LGBTIQ+ families: why community support and belonging is important
When you feel supported as a parent and feel that you belong in your neighbourhood and community, your children do better socially, emotionally and behaviourally. That’s because you can navigate the challenges of raising children better than if you feel isolated and alone.
It works the other way too. If you feel that you don’t belong, you can feel socially isolated. This can be bad for your mental health, which can affect your ability to be the parent you want to be.
Parents in LGBTIQ+ families are like all parents. They need support and a sense of belonging to help their children thrive.
Children do well when they have parenting that’s nurturing, warm, sensitive, responsive and flexible. These are the things that matter to all children.
Parents in LGBTIQ+ families: discrimination
Parents in LGBTIQ+ families can experience discrimination. This might leave them feeling isolated at times and like they don’t belong.
Discrimination can be obvious, like violence or threats. It can also be subtle, like teachers not letting children talk about their family experiences, or service providers asking inappropriate questions about family formation or parenting arrangements.
Discrimination can also come from policies, procedures or services that unfairly exclude LGBTIQ+ families and their children.
Supporting and including LGBTIQ+ families: what you can do
Social and emotional support from friends and family is one of the most important ways that all parents and families get a sense of belonging. Parents and families also feel that they belong when they’re part of a supportive neighbourhood network or can get involved in the community – for example, by volunteering.
You can support LGBTIQ+ families in your neighbourhood by including them in these and other ways, and by speaking up if someone expresses views that discriminate against diverse families. Here are some ideas.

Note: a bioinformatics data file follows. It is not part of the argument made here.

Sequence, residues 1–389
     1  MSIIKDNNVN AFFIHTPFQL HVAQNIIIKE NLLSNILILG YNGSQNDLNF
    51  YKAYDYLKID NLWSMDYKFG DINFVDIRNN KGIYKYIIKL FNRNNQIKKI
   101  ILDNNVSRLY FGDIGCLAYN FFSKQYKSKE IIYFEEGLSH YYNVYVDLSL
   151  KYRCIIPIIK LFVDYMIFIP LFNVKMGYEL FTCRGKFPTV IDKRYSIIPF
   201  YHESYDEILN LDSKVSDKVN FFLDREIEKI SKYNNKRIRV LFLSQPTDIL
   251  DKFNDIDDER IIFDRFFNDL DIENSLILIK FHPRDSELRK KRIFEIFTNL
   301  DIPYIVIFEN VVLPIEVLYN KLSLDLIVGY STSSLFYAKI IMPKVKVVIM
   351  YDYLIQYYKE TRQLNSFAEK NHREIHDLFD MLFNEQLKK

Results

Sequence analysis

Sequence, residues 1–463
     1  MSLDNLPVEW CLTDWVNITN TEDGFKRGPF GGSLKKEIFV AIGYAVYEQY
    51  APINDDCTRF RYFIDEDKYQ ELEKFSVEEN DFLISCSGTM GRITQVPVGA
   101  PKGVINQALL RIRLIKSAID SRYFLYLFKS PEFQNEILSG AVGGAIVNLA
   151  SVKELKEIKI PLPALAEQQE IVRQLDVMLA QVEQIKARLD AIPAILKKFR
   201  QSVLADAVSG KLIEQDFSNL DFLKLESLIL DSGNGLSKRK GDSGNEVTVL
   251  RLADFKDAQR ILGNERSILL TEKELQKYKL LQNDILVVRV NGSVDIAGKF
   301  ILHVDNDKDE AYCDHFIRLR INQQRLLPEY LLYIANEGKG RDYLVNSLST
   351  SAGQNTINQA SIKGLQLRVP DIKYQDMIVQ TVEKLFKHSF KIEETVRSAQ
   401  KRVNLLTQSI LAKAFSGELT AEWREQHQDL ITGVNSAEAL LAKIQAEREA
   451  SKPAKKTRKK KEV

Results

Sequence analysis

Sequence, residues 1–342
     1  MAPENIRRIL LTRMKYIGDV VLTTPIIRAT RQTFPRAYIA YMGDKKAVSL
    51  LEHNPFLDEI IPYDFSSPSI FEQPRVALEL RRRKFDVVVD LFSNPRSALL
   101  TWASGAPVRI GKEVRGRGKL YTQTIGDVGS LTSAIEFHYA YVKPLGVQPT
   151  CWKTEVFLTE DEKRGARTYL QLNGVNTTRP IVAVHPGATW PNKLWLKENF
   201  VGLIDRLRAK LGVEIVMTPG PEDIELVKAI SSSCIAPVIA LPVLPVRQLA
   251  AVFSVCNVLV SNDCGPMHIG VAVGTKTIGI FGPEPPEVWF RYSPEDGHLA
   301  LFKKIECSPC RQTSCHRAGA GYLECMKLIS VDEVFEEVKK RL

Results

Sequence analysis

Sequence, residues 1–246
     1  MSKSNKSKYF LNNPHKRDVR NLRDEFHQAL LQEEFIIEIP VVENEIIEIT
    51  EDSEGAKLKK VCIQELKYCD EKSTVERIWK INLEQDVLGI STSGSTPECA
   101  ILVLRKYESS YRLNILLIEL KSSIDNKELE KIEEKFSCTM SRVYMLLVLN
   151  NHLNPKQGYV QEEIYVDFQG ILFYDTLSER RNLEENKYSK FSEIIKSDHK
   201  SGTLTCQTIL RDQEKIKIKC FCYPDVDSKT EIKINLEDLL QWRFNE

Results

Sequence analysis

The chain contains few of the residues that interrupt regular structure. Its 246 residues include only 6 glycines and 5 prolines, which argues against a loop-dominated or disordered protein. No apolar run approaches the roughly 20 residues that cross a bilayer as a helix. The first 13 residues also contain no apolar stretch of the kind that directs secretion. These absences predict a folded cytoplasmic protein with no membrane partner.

Being aware of what you say
If you use language that’s respectful of difference, inclusive and non-judgmental, it can help LGBTIQ+ families feel welcome.
You can help by being aware of what you say. For example:
- Ask if you’re not sure what language to use. For example, ‘My name is Caz, and I use the pronouns she/her. What names and pronouns do your family members use?’
- Use neutral language, if you’re not sure what to say. For example, you might ask a child, ‘Where are your parents?’ rather than ‘Where are your mum and dad?’
- Be sensitive when asking other parents about their families, and don’t ask unnecessary questions – for example, questions like ‘How was Maddy conceived?’
Challenging unhelpful attitudes
If you challenge unhelpful assumptions and attitudes, it can help LGBTIQ+ families feel supported and included.
- Speak up if someone expresses views that are homophobic or transphobic, that stereotype people, or that discriminate against diverse families in other ways. You could say, ‘I feel those comments are unfair’ or ‘I’m sorry but I don’t agree with that’.
- Challenge people if they suggest that one type of family is better, or more ‘normal’ than another. You could say, ‘Actually, it’s what parents do that really matters to children’.
- Give services, community groups or schools feedback if you see ways they could be more inclusive. For example, you could suggest your child’s preschool changes a form so that it says ‘parent’ instead of mother or father, or you could suggest books for the school library that are inclusive of diverse families.
Talking with your child
Talking with your child about LGBTIQ+ families can help your child be aware of diverse families.
- Talk about different kinds of families and parents. You could say, ‘Families come in all shapes and sizes. Some children have a mum and a dad, some just have a mum or a dad, and some have 2 mums or 2 dads’.
- Ask your child whether they have any friends with LGBTIQ+ families.
You can help LGBTIQ+ families feel like they belong by letting them know what’s available in your area. For example:
- Tell parents about things like local playgroups, family events, babysitting clubs and so on.
- Share information about local parenting and family support organisations and child health and wellbeing centres and organisations.